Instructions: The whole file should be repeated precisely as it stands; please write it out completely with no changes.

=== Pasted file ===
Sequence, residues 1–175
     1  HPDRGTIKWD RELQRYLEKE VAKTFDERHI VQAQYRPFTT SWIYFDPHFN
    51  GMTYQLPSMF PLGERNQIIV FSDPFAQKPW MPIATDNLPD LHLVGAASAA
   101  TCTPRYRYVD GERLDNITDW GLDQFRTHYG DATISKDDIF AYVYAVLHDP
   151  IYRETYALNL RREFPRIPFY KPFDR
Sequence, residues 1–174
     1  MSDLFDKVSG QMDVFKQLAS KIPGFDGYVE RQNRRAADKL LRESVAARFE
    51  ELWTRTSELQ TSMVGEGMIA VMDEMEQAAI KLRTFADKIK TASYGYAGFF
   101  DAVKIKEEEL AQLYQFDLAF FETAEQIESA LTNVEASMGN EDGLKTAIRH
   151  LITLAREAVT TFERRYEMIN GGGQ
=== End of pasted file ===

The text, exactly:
Sequence, residues 1–175
     1  HPDRGTIKWD RELQRYLEKE VAKTFDERHI VQAQYRPFTT SWIYFDPHFN
    51  GMTYQLPSMF PLGERNQIIV FSDPFAQKPW MPIATDNLPD LHLVGAASAA
   101  TCTPRYRYVD GERLDNITDW GLDQFRTHYG DATISKDDIF AYVYAVLHDP
   151  IYRETYALNL RREFPRIPFY KPFDR
Sequence, residues 1–174
     1  MSDLFDKVSG QMDVFKQLAS KIPGFDGYVE RQNRRAADKL LRESVAARFE
    51  ELWTRTSELQ TSMVGEGMIA VMDEMEQAAI KLRTFADKIK TASYGYAGFF
   101  DAVKIKEEEL AQLYQFDLAF FETAEQIESA LTNVEASMGN EDGLKTAIRH
   151  LITLAREAVT TFERRYEMIN GGGQ